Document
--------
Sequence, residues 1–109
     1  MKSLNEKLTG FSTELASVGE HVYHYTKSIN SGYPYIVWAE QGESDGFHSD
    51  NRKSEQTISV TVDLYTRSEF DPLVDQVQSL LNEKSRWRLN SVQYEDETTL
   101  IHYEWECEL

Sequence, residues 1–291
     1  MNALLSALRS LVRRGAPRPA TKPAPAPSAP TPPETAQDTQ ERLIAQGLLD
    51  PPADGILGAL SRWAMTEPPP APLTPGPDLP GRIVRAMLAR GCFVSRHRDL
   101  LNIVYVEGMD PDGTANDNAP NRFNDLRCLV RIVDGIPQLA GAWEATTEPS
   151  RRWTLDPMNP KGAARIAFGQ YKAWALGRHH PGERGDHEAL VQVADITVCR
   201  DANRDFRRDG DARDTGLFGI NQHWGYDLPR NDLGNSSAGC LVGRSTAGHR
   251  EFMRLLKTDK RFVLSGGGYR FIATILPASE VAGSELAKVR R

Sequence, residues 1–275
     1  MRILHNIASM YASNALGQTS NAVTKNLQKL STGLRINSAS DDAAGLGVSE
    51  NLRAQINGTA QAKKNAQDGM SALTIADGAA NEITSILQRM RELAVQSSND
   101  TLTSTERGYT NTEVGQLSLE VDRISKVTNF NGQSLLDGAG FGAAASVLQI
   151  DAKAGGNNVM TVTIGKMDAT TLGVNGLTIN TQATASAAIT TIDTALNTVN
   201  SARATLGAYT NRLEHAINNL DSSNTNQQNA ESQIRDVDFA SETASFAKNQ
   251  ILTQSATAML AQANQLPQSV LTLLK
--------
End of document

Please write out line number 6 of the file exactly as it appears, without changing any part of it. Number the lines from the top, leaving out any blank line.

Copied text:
     1  MNALLSALRS LVRRGAPRPA TKPAPAPSAP TPPETAQDTQ ERLIAQGLLD